April 2, 2013

Classes use energy dashboard to study conservation

Ying Hua, Assistant Professor in DEA, discussing energy dashboard research with her two student assistants.
Mark Vorreuter
Ying Hua, assistant professor in the Department of Design and Environmental Analysis, discusses energy dashboard research with her two student assistants.

Thanks to a new online dashboard, facilities staff in the College of Human Ecology can view real-time data on water and energy consumption in the LEED Platinum-rated Human Ecology Building (HEB).

Students and professors in the Department of Design and Environmental Analysis are also plugging in, using the interface as a learning tool to study optimal dashboard design for building occupants and to test how building energy dashboards can steer conservation campaigns.

Their findings have helped guide the development of a broader campuswide energy dashboard system overseen by Cornell Facilities Services, a tool set to launch later this spring that will provide instantaneous energy usage data for some 50 campus locations.

Last fall, students in assistant professor of design and environmental analysis Ying Hua’s course Collaborative Sustainable Building Practice evaluated the HEB dashboard and a separate online dashboard platform, comparing the structure, information presentation and user-friendliness of each.

In collaboration with the Energy and Sustainability Department in Facilities Services, Hua asked students to evaluate each platform from the perspectives of facilities staff, the general public and specific occupants. Class members held focus groups and studied dashboard conventions, compiling their findings into a report for college and university facilities leaders.

“Student input and evaluation of the energy dashboards really helped Facilities Services decide which dashboard would be right for Cornell,” said Erin Moore, energy outreach coordinator for Facilities Services. “Professor Hua’s students were really enthusiastic about gaining hands-on experience with a real-time energy dashboard and learning how the system plays a role in building performance.”

Hua noted that the project also helped students envision uses for such dashboards, including connecting individual actions to a facility’s total energy usage.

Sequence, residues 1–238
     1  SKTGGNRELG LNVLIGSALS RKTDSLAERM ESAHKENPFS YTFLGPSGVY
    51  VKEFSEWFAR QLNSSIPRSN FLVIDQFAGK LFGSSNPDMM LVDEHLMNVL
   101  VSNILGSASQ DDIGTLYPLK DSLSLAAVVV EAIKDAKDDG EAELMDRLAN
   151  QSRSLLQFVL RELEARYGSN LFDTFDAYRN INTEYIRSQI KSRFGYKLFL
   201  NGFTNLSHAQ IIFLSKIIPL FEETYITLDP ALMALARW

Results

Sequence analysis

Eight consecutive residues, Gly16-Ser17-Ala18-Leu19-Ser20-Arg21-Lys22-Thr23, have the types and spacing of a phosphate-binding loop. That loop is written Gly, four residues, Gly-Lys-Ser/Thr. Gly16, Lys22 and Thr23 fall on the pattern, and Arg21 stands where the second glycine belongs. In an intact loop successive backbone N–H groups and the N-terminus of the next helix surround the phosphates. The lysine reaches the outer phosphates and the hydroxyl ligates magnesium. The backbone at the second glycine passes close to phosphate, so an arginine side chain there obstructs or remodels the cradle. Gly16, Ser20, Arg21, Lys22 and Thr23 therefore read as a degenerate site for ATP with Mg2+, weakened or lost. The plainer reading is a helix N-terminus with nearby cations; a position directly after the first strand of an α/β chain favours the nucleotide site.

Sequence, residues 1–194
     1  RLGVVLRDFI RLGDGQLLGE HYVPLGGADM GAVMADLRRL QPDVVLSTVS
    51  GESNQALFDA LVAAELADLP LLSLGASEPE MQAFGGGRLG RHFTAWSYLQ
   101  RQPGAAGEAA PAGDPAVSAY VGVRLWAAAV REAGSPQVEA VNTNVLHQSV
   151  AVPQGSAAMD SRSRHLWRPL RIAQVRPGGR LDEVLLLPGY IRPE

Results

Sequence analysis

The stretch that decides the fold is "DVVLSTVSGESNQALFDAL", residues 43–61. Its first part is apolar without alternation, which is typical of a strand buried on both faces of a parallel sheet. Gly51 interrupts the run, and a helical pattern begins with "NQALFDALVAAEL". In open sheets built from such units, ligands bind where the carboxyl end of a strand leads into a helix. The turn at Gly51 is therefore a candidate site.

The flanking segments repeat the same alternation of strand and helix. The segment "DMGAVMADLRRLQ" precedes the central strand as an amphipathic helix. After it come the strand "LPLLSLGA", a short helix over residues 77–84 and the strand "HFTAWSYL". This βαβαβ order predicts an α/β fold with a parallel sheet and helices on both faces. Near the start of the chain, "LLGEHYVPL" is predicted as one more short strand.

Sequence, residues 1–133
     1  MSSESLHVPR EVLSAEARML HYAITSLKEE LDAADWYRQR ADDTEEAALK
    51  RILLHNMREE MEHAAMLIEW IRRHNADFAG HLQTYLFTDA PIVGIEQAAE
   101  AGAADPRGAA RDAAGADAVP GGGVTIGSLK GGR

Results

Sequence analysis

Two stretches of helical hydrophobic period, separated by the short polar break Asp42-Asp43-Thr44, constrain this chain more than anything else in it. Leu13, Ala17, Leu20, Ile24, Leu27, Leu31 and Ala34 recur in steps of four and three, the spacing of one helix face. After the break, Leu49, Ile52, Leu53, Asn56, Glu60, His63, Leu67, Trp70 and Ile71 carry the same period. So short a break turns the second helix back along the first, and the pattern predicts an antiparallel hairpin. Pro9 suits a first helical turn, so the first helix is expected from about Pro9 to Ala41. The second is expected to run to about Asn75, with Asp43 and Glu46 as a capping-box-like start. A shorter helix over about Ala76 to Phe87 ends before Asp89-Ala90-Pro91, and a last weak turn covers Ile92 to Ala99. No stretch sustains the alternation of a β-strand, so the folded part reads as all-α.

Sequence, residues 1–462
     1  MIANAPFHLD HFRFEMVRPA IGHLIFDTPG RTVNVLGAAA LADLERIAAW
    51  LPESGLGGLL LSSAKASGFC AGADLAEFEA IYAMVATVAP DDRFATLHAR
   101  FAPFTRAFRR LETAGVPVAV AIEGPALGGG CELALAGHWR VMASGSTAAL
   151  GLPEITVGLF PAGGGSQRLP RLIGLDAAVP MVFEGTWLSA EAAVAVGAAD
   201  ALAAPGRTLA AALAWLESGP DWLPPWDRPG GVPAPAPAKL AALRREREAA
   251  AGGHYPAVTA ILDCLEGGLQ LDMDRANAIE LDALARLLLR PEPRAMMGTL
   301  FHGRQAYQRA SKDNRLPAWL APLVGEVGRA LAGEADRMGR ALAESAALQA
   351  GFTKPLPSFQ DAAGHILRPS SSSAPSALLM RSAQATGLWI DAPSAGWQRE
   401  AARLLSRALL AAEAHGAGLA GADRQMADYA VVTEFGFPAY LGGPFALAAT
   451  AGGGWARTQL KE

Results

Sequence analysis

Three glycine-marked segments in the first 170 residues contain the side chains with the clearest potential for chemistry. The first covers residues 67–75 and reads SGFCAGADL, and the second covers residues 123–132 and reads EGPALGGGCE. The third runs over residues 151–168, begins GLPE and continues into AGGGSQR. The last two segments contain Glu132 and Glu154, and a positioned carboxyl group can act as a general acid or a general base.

“My understanding is, people see it as a big screen showing yearly trends,” Hua said. “But that’s only a fraction of what the dashboard can do. The dashboard gives me the chance to talk about building energy consumption and profiles of energy use in a context that students are very familiar with. It’s definitely helped students understand things better.”

By the end of Hua’s class, Raechel Schneider, a graduate student in the field of facilities planning and management, said she realized that a dashboard offers a powerful feedback loop to encourage building occupants to turn off lights, power down unneeded equipment and conserve resources in lab spaces.

“This board lets people be engaged,” she added. “We’re usually pretty passive users of buildings, but the dashboard allows for active use. That’s something I’d like to see more of, both on college campuses, in office spaces – any type of user group can benefit from it.”

Will Higgins ’14, also enrolled in Hua’s course, credited the project with shedding light on how different groups use an energy dashboard.

“For students, you want it to be really quick, with basic info on the front page,” he said. “For facility managers, you want people to be able to dive in a little more – depth you wouldn’t want on the front page. You want energy use by floor, by plug load, by lighting.”

This semester, Hua will incorporate the dashboard into another of her courses, Introduction to Building Technology, to further explore how energy-monitoring systems can spur occupants to reduce consumption. In the long term, Hua said, she plans to try using the dashboard to run simulations for illustrating the effect of various energy-saving scenarios.

Sarah Cutler ’16 is a student communications assistant for the College of Human Ecology.